Summary: 42-year-old male presents with thrombocytopenia absent radius
(TAR) syndrome. The patient status is postsplenectomy with persistent
Increased radiotracer activity in a soft tissue mass of the abdomen, is likely due to splenosis in this postsplenectomy patient.
Anterior and posterior whole-body images following
administration of radiotracer are acquired using single photon emission
computed tomography/computed tomography (SPECT/CT) and an X-ray of the left
shoulder is taken. SPECT/CT images of the abdomen show the liver appears
enlarged and demonstrates a homogeneous distribution of radiotracer. The patient
is status postsplenectomy with surgical clips noted in the splenic bed. There
is a midline soft tissue mass lying midline, anterior to the vertebral column,
demonstrating increased radiotracer activity.
The function of the liver and spleen have vastly different
functions. Nevertheless, phagocytosis is a common function to both. Uptake is
performed by the reticuloendothelial cells. In the liver these cells are called
Kupffer cells. Technitium 99m-sulfur colloid measures an average of 0.3-1.0µm. Technitium
colloid is usually cleared from circulation within minutes—80% to 90% of
particles are sequestered by the liver and 5% to 10% to the spleen. This test
can be used to identify the relative size and function of the liver and spleen.
It is also useful, as in this example, for identifying splenosis.
TAR syndrome is a rare genetic disorder characterized by low
platelet level and radial aplasia.
Unlike most other conditions associated with radial aplasia,
TAR syndrome patients usually have thumbs. The other bones of the upper limb
and shoulder may be absent, hypoplastic, or normal. The lower limbs are less
frequently hypoplastic, but may be bowed. Dislocated hips, ankylosis of the
knees, valgus and varus deformities of the feet, syndactyly and abnormal toe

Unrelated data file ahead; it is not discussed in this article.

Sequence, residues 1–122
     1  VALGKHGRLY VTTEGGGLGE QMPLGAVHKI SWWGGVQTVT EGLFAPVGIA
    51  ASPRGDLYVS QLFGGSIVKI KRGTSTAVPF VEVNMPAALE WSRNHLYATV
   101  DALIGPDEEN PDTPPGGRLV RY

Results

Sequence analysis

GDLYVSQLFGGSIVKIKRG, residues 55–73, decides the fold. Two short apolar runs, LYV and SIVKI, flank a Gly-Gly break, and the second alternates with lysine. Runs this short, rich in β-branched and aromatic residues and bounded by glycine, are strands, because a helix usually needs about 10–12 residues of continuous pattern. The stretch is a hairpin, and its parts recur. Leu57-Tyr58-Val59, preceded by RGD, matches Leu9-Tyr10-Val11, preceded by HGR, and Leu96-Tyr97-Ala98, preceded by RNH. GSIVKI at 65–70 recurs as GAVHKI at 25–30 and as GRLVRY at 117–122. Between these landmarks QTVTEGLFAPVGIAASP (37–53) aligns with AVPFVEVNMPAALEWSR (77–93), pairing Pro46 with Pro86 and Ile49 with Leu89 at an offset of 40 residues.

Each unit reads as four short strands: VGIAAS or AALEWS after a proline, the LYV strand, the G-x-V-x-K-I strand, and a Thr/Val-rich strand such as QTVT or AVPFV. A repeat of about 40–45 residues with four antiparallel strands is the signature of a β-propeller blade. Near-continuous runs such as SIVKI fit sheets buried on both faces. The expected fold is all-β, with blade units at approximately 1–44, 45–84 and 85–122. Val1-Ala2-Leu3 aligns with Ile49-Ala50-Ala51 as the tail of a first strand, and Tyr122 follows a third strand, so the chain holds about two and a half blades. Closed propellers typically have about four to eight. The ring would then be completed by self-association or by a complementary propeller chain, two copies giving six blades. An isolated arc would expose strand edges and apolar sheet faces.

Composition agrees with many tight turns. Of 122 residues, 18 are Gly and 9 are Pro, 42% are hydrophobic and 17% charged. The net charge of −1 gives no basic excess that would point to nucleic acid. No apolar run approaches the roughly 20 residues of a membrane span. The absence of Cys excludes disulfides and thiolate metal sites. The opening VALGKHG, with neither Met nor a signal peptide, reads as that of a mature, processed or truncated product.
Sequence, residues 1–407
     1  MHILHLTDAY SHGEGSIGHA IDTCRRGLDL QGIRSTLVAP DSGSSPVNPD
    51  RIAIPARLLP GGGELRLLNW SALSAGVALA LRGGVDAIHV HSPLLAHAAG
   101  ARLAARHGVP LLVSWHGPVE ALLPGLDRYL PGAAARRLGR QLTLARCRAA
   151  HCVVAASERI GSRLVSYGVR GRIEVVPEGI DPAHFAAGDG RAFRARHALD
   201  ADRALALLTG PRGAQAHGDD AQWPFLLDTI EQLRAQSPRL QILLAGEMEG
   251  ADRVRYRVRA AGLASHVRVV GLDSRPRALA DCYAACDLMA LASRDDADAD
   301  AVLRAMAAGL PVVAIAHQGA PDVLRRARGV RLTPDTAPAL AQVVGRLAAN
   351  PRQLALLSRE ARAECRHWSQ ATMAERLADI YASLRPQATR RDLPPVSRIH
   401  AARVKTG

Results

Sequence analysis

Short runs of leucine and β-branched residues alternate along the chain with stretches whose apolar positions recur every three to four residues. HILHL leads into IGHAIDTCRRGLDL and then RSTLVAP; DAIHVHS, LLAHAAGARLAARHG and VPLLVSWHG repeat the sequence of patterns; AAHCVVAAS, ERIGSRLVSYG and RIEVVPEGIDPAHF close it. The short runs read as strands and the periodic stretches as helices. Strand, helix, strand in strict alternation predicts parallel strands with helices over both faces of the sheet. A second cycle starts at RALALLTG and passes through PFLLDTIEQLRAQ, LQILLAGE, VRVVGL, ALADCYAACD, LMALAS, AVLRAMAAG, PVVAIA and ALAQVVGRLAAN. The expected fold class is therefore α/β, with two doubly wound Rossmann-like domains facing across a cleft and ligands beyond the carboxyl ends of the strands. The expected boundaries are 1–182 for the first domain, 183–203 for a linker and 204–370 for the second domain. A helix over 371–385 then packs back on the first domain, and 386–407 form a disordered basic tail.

placement have also been reported.1 Additional anomalies include
congenital heart defects, growth retardation, strabismus, nevus flammeus of
forehead, micrognathia, and brachycephaly. The hematologic defects are usually
present at birth or appear within the first few months. The inheritance pattern
is autosomal recessive.2
Thrombocytopenia, which may be transient, is seen in all cases and will be symptomatic in over
90% of cases within the first four months of life. As age increases, platelet
counts typically improve. Nevertheless, removal of the spleen (splenectomy) may
be necessary to correct thrombocytopenia caused by platelet destruction and to
ultimately increase platelet count. A splenectomy may significantly reduce
platelet destruction and increase platelet count by up to 30% because the
spleen acts as the primary site of platelet removal and antibody production.
The patient above, now an adult, despite splenectomy, remains partially resistant
to transfusions, receiving weekly transfusions of platelets.1
- Greenhalgh KL, Howell RT, Bottani A, et al. Thrombocytopenia-absent
radius syndrome: A clinical genetic study. J
Med Genet. 2002;39:876-81.
- Ward, RE, Bixler D, Provisor AJ, et al. Parent to child
transmission of the thrombocytopenia absent radius (TAR) syndrome. Am J Med
Genet Suppl. 1986;2:207-14.